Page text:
It was time for our big event of the weekend: the mixer. The weekend crew piled into a bus to Mohonk Preserve, a nature preserve about 15 minutes away. There, we met up with a larger group of about 75 people, many of whom had taken a bus from NYC that morning. I imagine this was like the moment at camp when you do a joint field day with the kids from the other camp down the road.

2 p.m.: Check-in and mingling

We each got a swag bag with Smartwool socks and a headlamp, and I had time to visit one of the event stations, which included making a DIY stamped metal bracelet with my initials.

Adult summer camp recommendation No. 5: Make friendship bracelets.

2:45 p.m.: Hiking

They say you attract what you put out into the world, and I somehow keep attracting activities involving rock scrambling. (My last work trip surprised me with waterfall climbing.) I’m simultaneously happy about this and tired of embarrassing myself in front of new friends. We split into different groups based on difficulty and did a 3-mile trek around the preserve, including quite a climb up the side of a rock face to an overlook. It was very hot and humid, so I was covered in sweat by the end, but I’m happy to announce I did not fall once, and the view at the top was worth it.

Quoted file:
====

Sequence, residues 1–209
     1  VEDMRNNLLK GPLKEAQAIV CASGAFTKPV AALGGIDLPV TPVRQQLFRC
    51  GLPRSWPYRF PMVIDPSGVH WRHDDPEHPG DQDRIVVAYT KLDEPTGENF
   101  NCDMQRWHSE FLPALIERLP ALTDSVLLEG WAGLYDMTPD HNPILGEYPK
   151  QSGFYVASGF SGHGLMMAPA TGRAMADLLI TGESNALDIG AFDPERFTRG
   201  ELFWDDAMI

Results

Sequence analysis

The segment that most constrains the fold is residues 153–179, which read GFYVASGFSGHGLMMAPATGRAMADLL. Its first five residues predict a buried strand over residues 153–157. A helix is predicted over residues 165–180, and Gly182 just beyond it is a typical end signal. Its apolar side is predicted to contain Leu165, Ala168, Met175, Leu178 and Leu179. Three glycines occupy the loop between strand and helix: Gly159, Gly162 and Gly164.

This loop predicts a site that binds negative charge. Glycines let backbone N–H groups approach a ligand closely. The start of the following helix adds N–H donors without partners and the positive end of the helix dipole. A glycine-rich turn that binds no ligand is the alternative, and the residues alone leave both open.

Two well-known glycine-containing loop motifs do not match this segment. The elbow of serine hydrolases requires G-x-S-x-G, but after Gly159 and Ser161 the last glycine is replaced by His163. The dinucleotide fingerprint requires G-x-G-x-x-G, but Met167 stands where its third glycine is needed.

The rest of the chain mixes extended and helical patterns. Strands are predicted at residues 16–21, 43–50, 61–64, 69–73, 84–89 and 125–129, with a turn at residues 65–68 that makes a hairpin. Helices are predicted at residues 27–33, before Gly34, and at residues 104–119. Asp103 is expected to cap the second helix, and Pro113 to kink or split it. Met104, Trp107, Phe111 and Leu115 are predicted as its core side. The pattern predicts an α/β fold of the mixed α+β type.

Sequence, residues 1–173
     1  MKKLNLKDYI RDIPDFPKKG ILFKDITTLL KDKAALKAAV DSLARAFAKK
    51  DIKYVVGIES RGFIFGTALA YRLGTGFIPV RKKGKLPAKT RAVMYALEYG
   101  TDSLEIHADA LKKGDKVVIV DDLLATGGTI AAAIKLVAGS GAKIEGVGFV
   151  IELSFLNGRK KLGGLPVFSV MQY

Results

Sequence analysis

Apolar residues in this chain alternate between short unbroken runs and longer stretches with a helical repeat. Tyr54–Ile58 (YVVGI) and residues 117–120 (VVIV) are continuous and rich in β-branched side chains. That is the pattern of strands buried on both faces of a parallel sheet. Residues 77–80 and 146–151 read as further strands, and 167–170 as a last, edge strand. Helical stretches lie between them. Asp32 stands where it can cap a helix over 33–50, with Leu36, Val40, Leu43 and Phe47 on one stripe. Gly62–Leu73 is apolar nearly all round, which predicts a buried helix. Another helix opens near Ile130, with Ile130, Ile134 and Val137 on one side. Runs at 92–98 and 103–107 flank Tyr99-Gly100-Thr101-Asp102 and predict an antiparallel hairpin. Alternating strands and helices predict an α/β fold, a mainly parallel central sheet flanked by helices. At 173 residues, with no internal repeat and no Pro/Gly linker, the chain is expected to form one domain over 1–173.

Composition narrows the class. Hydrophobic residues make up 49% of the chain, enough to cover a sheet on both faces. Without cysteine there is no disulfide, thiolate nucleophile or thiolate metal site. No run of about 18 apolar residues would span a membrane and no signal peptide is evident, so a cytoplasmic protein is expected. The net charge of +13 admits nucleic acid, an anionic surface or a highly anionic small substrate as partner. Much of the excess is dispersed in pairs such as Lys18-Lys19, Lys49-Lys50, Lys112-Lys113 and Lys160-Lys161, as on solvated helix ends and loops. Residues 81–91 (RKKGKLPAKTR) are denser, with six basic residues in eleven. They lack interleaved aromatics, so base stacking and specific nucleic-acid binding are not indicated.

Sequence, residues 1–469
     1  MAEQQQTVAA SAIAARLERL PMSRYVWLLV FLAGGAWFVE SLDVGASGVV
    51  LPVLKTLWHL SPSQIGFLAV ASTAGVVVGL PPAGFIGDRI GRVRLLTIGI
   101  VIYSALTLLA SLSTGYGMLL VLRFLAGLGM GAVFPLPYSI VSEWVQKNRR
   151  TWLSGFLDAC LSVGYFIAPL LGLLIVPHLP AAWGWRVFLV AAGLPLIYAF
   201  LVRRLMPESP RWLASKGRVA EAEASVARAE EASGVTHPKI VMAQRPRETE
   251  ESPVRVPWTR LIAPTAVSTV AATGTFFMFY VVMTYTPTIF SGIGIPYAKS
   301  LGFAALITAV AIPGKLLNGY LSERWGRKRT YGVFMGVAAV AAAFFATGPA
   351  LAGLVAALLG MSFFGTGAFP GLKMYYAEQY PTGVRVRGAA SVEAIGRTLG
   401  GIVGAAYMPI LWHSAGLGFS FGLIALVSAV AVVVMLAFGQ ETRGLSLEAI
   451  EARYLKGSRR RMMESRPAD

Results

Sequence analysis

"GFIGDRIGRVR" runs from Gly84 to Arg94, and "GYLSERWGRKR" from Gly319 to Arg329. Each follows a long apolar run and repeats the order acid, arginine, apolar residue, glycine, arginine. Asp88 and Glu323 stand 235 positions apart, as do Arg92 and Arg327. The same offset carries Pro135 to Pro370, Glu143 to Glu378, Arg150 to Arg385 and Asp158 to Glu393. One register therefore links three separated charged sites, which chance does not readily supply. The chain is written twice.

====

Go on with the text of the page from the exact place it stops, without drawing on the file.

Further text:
Steph Mossey
Steph Mossey

5 p.m.: Snack time

We got back to the event area and I noshed on a caprese sandwich with yet another whiskey cocktail in hand.

5:45 p.m.: Mixology class

We put our cocktail-making skills to the test again with a group class under the pavilion. The drink we made was invented by Bachelor host Jesse Palmer, and it included chocolate bitters and maple syrup as a nod to his Canadian roots. My drink actually turned out great this time, a sign that my mixology skills were improving.